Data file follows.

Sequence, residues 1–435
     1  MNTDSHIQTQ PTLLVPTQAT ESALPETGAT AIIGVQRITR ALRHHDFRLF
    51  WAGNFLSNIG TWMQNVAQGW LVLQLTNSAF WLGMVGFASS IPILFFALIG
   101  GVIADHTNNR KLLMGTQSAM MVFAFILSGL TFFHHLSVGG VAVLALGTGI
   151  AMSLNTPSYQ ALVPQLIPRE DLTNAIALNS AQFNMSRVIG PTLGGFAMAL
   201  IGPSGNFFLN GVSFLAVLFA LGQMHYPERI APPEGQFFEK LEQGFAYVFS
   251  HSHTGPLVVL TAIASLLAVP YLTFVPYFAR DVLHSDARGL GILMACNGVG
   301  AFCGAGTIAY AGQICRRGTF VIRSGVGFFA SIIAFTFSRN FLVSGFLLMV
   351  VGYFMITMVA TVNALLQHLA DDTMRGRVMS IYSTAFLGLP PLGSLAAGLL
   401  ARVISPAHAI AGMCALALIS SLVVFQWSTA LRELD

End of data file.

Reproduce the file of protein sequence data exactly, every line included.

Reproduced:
Sequence, residues 1–435
     1  MNTDSHIQTQ PTLLVPTQAT ESALPETGAT AIIGVQRITR ALRHHDFRLF
    51  WAGNFLSNIG TWMQNVAQGW LVLQLTNSAF WLGMVGFASS IPILFFALIG
   101  GVIADHTNNR KLLMGTQSAM MVFAFILSGL TFFHHLSVGG VAVLALGTGI
   151  AMSLNTPSYQ ALVPQLIPRE DLTNAIALNS AQFNMSRVIG PTLGGFAMAL
   201  IGPSGNFFLN GVSFLAVLFA LGQMHYPERI APPEGQFFEK LEQGFAYVFS
   251  HSHTGPLVVL TAIASLLAVP YLTFVPYFAR DVLHSDARGL GILMACNGVG
   301  AFCGAGTIAY AGQICRRGTF VIRSGVGFFA SIIAFTFSRN FLVSGFLLMV
   351  VGYFMITMVA TVNALLQHLA DDTMRGRVMS IYSTAFLGLP PLGSLAAGLL
   401  ARVISPAHAI AGMCALALIS SLVVFQWSTA LRELD